ALBANY, N.Y. (NEWS10) — Protests erupted in front of the New York State Education Department in Albany on Monday over the right to choose a child’s education. The state’s Board of Regents is considering new rules that will review education practices in private schools.

Under the new rules, private schools must prove academic equivalency to public schools through either standardized testing or a review from a nearby school district. The department does not know how many private schools might be out of compliance with the law, but proponents said the new rules could help bring some oversight to New Yorkers’ education.

“Right now, the students in the schools are not learning in secular studies, whatsoever,” Shulim Leifer, a father, said. “They are not learning things like reading, writing, math, history, science. And the law requires them to, and they are making representations that they were, but they are not.”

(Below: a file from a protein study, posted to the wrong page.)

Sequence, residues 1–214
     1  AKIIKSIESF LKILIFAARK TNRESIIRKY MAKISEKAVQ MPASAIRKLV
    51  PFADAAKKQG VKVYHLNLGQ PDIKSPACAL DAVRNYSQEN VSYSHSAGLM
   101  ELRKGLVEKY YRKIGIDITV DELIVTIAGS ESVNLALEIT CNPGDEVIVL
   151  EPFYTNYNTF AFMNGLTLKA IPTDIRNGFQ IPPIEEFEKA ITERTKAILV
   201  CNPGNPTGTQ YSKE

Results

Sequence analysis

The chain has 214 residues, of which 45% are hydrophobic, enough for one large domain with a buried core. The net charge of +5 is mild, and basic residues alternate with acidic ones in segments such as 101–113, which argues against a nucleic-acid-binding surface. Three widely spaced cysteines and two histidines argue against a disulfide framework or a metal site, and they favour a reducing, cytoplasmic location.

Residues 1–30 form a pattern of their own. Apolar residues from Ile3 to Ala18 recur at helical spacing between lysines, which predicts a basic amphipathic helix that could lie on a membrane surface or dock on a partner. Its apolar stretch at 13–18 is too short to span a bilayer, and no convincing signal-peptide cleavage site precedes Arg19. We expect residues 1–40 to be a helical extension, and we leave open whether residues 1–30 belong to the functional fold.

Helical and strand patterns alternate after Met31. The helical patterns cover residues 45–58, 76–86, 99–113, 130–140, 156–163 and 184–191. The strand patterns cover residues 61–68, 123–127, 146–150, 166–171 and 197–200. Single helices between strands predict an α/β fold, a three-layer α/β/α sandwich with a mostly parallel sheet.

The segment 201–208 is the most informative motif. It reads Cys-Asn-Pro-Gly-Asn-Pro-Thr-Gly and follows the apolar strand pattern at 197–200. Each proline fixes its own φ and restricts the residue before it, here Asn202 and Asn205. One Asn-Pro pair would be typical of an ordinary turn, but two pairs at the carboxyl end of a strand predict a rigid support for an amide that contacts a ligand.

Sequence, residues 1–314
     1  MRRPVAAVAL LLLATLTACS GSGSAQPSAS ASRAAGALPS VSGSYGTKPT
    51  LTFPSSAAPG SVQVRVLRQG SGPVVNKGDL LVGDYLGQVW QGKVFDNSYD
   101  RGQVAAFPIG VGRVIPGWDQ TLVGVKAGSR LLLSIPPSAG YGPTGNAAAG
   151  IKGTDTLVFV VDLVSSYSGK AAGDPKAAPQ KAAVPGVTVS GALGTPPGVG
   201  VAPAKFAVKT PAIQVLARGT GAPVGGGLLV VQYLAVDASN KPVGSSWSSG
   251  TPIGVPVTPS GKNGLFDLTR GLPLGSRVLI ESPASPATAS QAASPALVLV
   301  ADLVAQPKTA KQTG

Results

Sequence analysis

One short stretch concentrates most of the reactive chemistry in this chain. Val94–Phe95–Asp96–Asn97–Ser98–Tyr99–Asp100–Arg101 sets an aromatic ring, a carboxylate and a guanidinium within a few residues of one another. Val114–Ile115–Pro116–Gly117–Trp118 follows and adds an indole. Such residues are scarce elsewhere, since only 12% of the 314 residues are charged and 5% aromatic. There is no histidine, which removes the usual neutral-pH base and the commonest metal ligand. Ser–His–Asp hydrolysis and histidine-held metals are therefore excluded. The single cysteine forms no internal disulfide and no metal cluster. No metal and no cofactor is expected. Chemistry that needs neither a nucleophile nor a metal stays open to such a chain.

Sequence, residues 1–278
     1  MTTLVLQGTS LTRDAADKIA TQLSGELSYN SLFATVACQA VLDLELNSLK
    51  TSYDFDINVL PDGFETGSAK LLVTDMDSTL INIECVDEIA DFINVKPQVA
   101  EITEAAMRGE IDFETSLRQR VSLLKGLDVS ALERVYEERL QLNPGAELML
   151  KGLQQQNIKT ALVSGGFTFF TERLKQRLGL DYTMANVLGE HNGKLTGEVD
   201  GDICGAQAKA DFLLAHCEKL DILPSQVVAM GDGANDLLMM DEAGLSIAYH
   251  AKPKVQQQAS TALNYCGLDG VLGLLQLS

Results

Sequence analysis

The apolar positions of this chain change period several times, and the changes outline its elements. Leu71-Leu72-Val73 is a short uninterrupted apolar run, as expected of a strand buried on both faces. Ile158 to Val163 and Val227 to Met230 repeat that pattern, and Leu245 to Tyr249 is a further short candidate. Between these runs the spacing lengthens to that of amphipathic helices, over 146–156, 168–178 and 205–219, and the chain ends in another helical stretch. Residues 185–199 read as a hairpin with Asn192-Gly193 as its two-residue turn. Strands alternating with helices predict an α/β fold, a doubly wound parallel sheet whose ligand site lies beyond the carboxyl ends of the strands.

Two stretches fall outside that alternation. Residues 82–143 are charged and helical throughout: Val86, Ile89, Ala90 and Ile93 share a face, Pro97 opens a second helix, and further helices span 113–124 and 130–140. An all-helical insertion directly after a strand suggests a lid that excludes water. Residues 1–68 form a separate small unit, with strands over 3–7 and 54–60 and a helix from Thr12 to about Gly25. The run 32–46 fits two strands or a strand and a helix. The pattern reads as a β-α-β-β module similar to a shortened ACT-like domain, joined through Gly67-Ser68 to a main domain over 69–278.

Religious schools, primarily Hasidic Yeshivas, are fighting back against the push to put secular education in their classes. At Monday’s protest in Albany, Rabbi Yaakov Shapiro, a spokesman for the Rabbinical Union, said the regulations would infringe on students’ religious practices.

“They learn discipline. They learn collaboration skills. They learn respect and honor — things that I think the public schools could use a good dose of,” he said. ” But we aren’t even asking that. All we ask is you leave us our parental right to choose the education of our children.”

If a school refuses to comply with the process, it could lose its school accreditation as well as transportation funding. The committee has sent the rules to the full board, who will hold a vote on Tuesday.